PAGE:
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Pediatr Res. 2002 Jun;51(6):733-9.

Up-regulation of IL-18 and IL-12 in the ileum of neonatal rats with necrotizing enterocolitis.

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Department of Pediatrics and Steele Memorial Children's Research Center, University of Arizona, Tucson, Arizona 85724-5073, USA.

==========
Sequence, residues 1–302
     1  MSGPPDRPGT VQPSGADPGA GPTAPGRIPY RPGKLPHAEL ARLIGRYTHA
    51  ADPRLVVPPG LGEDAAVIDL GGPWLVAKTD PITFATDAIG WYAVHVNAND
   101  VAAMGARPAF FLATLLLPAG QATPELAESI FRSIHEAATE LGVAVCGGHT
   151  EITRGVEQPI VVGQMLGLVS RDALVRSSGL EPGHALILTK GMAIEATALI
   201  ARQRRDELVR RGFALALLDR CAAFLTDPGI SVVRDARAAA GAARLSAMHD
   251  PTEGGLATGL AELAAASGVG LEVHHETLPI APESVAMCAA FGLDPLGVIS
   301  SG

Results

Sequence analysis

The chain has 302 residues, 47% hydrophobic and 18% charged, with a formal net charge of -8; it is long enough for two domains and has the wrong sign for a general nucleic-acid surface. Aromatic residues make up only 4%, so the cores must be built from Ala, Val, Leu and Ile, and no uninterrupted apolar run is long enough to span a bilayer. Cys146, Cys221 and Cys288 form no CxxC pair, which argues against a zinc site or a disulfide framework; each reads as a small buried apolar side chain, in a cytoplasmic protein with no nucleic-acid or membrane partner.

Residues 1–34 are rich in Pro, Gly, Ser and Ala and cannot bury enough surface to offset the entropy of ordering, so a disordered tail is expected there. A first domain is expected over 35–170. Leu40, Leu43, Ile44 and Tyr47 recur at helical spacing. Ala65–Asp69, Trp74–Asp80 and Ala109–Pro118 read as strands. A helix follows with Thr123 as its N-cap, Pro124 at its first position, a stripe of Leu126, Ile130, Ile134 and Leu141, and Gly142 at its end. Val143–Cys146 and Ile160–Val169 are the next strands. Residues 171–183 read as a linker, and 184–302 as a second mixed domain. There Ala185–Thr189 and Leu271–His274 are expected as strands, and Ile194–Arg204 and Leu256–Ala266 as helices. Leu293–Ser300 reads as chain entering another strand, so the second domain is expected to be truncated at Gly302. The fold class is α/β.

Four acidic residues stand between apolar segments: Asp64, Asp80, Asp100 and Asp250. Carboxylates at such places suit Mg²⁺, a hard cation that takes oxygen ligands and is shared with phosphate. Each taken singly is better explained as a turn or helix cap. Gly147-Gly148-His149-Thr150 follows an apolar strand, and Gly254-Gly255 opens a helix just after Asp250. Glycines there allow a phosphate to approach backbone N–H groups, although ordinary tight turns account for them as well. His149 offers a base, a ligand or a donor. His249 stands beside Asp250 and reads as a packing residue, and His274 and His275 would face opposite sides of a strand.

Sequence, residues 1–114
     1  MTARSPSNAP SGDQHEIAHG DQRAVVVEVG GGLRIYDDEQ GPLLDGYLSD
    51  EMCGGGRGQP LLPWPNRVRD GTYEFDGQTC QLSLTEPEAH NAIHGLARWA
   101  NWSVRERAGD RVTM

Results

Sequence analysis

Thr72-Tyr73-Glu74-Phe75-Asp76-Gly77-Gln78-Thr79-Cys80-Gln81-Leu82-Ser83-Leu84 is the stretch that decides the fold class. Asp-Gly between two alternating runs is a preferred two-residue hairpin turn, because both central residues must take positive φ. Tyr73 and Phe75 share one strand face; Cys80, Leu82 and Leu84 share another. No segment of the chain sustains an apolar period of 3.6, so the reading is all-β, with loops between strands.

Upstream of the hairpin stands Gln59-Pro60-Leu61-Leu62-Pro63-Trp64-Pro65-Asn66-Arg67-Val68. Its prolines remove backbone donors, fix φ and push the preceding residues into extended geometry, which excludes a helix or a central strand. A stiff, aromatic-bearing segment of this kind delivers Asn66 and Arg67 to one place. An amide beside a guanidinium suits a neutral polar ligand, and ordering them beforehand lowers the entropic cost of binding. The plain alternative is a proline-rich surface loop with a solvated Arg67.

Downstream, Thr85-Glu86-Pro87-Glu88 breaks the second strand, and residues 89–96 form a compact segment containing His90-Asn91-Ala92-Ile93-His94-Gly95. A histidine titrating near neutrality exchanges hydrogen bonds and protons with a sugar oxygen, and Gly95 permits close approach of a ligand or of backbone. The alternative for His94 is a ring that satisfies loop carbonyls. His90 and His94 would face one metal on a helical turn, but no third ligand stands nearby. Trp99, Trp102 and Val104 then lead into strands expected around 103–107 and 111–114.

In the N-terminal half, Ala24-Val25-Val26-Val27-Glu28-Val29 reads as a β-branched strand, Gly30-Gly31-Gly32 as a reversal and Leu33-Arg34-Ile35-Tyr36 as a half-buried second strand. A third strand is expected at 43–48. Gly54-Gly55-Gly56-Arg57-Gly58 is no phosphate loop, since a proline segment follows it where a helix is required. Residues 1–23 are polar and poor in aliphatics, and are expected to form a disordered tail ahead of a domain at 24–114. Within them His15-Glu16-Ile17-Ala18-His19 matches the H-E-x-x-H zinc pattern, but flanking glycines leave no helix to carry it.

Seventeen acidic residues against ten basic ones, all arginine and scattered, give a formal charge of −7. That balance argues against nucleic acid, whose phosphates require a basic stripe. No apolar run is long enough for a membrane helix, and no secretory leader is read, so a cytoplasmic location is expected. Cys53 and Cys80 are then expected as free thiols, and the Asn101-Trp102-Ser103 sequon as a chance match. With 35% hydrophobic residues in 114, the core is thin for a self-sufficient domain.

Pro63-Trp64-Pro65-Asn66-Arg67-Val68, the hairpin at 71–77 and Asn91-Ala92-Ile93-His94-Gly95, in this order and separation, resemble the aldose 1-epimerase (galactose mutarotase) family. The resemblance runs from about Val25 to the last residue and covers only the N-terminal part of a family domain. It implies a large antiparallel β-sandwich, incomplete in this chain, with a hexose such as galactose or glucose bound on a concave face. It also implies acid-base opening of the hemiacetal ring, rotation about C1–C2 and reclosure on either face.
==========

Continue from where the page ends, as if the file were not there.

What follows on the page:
Necrotizing enterocolitis (NEC) is a common and devastating gastrointestinal disease of premature infants. Because the proinflammatory cytokines IL-18, IL-12, and interferon (IFN)-gamma have been implicated in other diseases of the small intestine, we hypothesized that these cytokines would play an important role in NEC pathogenesis. NEC was induced in newborn rats via enteral feeding with rat milk substitute and asphyxia and cold stress (RMS). Dam-fed, asphyxia- and cold-stressed littermates were used as controls (DF). After 96 h, the distal ileum was removed from all animals and processed to determine expression and localization of IL-18, IL-12, and IFN-gamma using real-time reverse transcriptase PCR and immunohistology. IL-18 and IL-12 mRNA from the RMS group were increased (p < or = 0.05) compared with DF controls, and there was a correlation between increasing IL-18 and IL-12 mRNA levels and progression of tissue damage (r = 0.629 and 0.588, respectively; p < or = 0.05). Immunohistology revealed IL-18 in the cytoplasm of villi and crypt enterocytes and IL-12-positive monocytes/macrophages were increased with disease progression (r = 0.503, p < or = 0.05). No differences in the number of IFN-gamma-positive cells were observed between groups. These data demonstrate up-regulation of IL-18 and IL-12 in experimental NEC and a correlation between production of these proinflammatory cytokines and progression of tissue damage.

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